In any case, if the tone of your post is at all similar in any way to how you've approached the subject with her, I'm not surprised you're going nowhere with it. You seem to be putting a massive amount of the blame on her and very little on the problem you have dealing with her body issues. Don't get me wrong, I think it's great that you want to be supportive of her weight loss -- and I think you should look at ways of doing a better job of that, because your cycling comment sure makes it sound like you aren't actually being supporive so much as demanding -- but I also think the fact that you're unloading a bunch of your body image baggage on the woman you married is a massively assholish thing to do. I honestly think you need to untangle those two issues, because the problem you have is your own and it reads like you've left it totally unexamined.
posted by majick at 12:30 AM on March 16, 2008 [4 favorites]


It's unfair to assume that it's a fact that he's "unloading a bunch of your body image baggage" being "unloading a bunch of your body image baggage" and that it's his problem, unexamined. There's no call for that.

Back to the original post -- if you're not going to go to counseling, and I understand where you'll be reluctant to suggest that (if previous conversations have been that bad, "I want to go to counseling" may well come off as "as a prelude to divorce over your weight...") I would say this, from experience:
- this is going to take more than one conversation
- the best approach is likely to still go badly wrong
- this is not going to be a straight line to a solution

What I would suggest is forsaking mefi in favor of seeing a marriage counselor by yourself, at least initially, where you can talk about your relationship issues and get some continuing, active, professional support in trying to support your marriage, which you're obviously interested in salvaging. You might want to do this without disclosing it, but it's probably better to be upfront about wanting to talk through some issues with someone removed from the situation (as you clearly are).

Finding someone will suck -- finding a counselor you work well with will take some doing and you should be prepared for that -- but it's a lot better than a long, resentful slide into further resentment, strife, and eventual break-up.

And if you are, indeed, the jerk previous repliers have assumed, that'll come out there as well.
posted by dmz at 2:46 AM on March 16, 2008


Based on your wife's comment about packing on the pounds to show you, I suspect your wife is overeating to cope with her frustrations and as a way to express her anger. What things in her life could she be frustrated about? What could she be so angry about that she is willing to sacrifice her health, body and marriage in order to express herself? Being her husband, I am sure you have a good idea. If you don't, then I bet that's part of the problem right there. Help your wife with her life, not her weight, and you will succeed.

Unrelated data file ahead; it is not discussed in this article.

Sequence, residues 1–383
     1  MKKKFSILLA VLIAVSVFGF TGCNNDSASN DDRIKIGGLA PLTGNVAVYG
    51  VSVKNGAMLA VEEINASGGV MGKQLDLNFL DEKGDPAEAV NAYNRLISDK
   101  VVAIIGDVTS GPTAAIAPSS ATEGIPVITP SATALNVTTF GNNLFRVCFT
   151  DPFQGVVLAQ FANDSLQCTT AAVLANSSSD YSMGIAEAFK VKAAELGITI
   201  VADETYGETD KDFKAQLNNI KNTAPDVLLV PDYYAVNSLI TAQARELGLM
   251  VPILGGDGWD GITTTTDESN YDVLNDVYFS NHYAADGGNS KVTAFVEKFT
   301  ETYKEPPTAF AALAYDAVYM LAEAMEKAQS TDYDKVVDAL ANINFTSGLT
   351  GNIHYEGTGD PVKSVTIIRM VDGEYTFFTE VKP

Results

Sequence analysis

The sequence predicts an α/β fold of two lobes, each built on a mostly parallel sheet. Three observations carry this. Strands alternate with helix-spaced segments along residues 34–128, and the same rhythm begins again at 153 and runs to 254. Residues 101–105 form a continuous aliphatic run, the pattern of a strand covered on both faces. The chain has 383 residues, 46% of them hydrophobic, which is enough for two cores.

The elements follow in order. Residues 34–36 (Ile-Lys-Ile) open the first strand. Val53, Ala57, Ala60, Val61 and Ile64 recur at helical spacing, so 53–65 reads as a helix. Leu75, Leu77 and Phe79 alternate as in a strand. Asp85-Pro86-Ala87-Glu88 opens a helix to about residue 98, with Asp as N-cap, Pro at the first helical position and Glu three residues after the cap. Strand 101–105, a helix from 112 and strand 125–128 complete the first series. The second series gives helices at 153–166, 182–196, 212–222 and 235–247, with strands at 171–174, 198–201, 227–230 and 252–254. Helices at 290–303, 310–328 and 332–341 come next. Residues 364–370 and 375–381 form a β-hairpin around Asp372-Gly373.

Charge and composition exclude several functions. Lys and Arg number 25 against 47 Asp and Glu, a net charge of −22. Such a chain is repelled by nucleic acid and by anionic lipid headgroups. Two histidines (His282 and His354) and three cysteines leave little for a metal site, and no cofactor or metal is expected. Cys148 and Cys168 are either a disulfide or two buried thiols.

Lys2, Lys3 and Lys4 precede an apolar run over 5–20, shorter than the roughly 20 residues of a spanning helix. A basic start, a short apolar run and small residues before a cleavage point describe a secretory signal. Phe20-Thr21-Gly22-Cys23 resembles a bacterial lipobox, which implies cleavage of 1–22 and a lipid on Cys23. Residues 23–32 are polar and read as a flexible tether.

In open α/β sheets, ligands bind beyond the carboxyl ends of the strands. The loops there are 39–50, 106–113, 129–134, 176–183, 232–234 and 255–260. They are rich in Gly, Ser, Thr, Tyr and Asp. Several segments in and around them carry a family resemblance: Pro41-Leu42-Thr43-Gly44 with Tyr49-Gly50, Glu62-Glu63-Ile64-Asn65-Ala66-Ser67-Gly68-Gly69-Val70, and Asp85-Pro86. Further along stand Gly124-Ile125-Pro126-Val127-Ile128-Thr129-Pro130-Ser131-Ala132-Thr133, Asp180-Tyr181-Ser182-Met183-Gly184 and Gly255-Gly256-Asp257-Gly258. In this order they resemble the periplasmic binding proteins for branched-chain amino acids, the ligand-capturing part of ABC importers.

posted by milarepa at 3:51 AM on March 16, 2008 [2 favorites]


I gained weight during a marriage. Like anonymous's wife, there was a point when I did it consciously. My feeling at the time was that if I was fat, then I could tell myself he was rejecting me (in bed, in conversation, in general) because I was fat. If I was fit, then he was rejecting me because I was me.

If anonymous's wife is anything like me, then her weight is a symptom, not the real problem. And anonymous, if your wife has an underlying problem, then what you need to do is support her in figuring out what that problem is and treating it.
posted by headnsouth at 3:54 AM on March 16, 2008 [11 favorites]


I appreciate the fix you're in, having been on both sides of this problem, but there are no magic words that will do what you are asking for. Tact and "you're too fat to fuck" are not going to mix. You can dress it up how you like but she will know what you mean. In fact, she probably already knows how you feel. When weight spirals out of control self-loathing follows.

If you love her, ask yourself what will help, then ask her, not the Hive Mind.
posted by RussHy at 4:12 AM on March 16, 2008 [2 favorites]


*Hi honey. Why are you so unhappy?* *Is there something in your childhood that made you sad?* *Can we heal this together?* *Can we search the universe to find you some relief for what pains you?* *And do you know how utterly deeply I love you?*
posted by watercarrier at 4:38 AM on March 16, 2008


How do I open a dialog with my wife about her weight gain?

How do you normally talk about your problems (as in shared problems)? Could you ask her, in a loving way, not about the weight, but an issue you have, that you need help with? X, I'm having a problem in our marriage, but I fear any discussion of it will result in tears and anger, do you have any ideas how I should approach this? Of course, she may then demand to know what it is, and fret if you don't tell her, so only you know if this will work.

Could you perhaps take over the nutritional roles in your household? Could you say, honey, I want to be really healthy, and sometimes we eat junk food or drink stuff with too many calories to be our wellest. Would you mind if I took over the shopping, menu planning and cooking? (Depending on your relationship, that could really work, but probably won't. I believe people need to be in charge of their own health.) In this house, I'm in charge of nutrition, and he's in charge of exercise.

My brother and his wife have chosen to both go to Weight Watchers. She is very close to goal weight, but he is, I'd guess, close to obese. They learn tips together, choose food together, and he's lost 6 kilos already.